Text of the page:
James R. Elliott, Professor of Sociology, Rice University
Damages caused by natural hazards and recovery efforts launched in their aftermath are contributing to increased wealth inequality in the United States. Estimates indicate that during the past decade and a half the white-black wealth gap in Boston grew by $60,000 more than it would otherwise have grown if no hazard damages had occurred.
This talk will discuss how these findings emerge from longitudinal data collected from nearly 3,500 families across the U.S. from 1999 through 2013 as disaster damages of varying scale struck and FEMA assistance flowed into the counties where they lived.
The implication is that two major social challenges of our age – rising disaster costs and rising social inequality – are not just connected but dynamically and increasingly so.
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About the speaker
James Elliott received his Ph.D. in Sociology (with a minor in Geography) from the University of Wisconsin-Madison in 1997, after which he worked as a postdoctoral fellow at the University of North Carolina at Chapel Hill.
His early research focused primarily on urban development and social inequality with emphasis on racial, ethnic and gender stratification. It examined how internal migration shapes and reshapes the urban system; how globalization contributes to structural underemployment; how neighborhood segregation shapes job networks and opportunities; how ethnic divisions of labor form and persist over time; and, how race and gender intersect to open and close access to workplace power in diverse urban labor markets.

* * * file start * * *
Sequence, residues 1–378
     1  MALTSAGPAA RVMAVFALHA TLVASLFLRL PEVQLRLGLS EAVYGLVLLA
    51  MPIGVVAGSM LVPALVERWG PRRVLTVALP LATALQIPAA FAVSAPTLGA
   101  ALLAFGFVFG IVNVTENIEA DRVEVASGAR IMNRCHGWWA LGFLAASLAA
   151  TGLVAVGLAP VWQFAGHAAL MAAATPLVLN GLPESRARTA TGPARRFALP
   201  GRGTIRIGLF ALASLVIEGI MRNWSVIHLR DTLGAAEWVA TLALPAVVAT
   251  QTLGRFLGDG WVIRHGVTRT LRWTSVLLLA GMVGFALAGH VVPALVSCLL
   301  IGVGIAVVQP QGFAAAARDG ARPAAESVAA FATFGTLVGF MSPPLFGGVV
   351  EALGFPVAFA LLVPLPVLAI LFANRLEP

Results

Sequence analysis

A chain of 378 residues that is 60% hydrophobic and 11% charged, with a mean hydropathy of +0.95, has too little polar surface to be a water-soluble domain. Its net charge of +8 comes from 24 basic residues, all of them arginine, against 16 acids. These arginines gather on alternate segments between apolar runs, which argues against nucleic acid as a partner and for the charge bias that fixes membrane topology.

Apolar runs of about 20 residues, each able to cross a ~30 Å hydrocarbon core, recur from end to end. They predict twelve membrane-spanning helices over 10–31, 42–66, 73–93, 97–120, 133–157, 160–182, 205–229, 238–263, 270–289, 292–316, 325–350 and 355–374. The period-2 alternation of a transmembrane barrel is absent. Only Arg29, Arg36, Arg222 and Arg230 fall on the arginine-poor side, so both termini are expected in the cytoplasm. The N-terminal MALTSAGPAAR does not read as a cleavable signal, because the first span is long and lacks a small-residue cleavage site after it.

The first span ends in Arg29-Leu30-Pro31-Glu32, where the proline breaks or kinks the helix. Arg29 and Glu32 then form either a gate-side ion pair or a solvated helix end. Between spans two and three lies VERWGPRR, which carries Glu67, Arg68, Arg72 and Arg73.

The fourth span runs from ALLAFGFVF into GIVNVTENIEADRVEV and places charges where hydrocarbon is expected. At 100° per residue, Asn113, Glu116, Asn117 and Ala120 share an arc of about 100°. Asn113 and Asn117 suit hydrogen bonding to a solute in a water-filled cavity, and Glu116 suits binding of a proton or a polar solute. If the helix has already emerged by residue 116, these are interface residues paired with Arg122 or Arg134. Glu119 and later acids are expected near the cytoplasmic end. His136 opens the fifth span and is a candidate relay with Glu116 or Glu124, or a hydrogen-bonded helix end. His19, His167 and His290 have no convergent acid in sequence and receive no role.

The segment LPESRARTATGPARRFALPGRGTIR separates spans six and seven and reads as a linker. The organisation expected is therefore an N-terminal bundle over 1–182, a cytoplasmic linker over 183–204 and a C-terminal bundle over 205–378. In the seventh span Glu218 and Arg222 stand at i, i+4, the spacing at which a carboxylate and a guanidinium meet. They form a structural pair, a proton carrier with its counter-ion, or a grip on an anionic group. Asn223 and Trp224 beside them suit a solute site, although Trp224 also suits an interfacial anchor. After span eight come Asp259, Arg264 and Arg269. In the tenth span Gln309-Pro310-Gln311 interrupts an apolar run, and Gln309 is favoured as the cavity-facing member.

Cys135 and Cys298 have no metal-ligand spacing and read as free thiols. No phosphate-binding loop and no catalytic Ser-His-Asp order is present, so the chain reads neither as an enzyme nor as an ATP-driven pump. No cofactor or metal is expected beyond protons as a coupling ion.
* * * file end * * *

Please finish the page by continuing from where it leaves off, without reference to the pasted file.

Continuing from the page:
More recent research incorporates growing emphasis on urban-environmental change in three related areas. One focuses on social inequalities revealed and exacerbated by natural hazards and local recoveries; another focuses on the historical accumulation and systemic spread of hazardous wastes in urban areas; and, the third focuses on links between urbanization and carbon emissions at and from the local level. These lines of research conceptualize urbanization as an ongoing interaction of social and environmental processes that feedback over time and space to shape prospects of a sustainable future.
His most recent book (co-authored by Scott Frickel) is Sites Unseen: Uncovering Hidden Hazards in American Cities, published by the Russell Sage Foundation in July 2018.
Prof. Elliott has received funding from multiple federal agencies; served as an advisor to the National Science Foundation’s program in Sociology; and recently co-edited the journal Sociological Perspectives.
Learn more about James Elliott's work